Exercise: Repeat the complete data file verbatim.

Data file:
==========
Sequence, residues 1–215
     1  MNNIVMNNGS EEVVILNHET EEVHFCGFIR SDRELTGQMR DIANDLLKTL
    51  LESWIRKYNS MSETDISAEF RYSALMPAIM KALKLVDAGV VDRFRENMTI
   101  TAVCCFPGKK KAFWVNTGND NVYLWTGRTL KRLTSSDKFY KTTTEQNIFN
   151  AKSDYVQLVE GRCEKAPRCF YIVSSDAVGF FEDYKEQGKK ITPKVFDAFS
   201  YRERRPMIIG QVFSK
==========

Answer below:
Sequence, residues 1–215
     1  MNNIVMNNGS EEVVILNHET EEVHFCGFIR SDRELTGQMR DIANDLLKTL
    51  LESWIRKYNS MSETDISAEF RYSALMPAIM KALKLVDAGV VDRFRENMTI
   101  TAVCCFPGKK KAFWVNTGND NVYLWTGRTL KRLTSSDKFY KTTTEQNIFN
   151  AKSDYVQLVE GRCEKAPRCF YIVSSDAVGF FEDYKEQGKK ITPKVFDAFS
   201  YRERRPMIIG QVFSK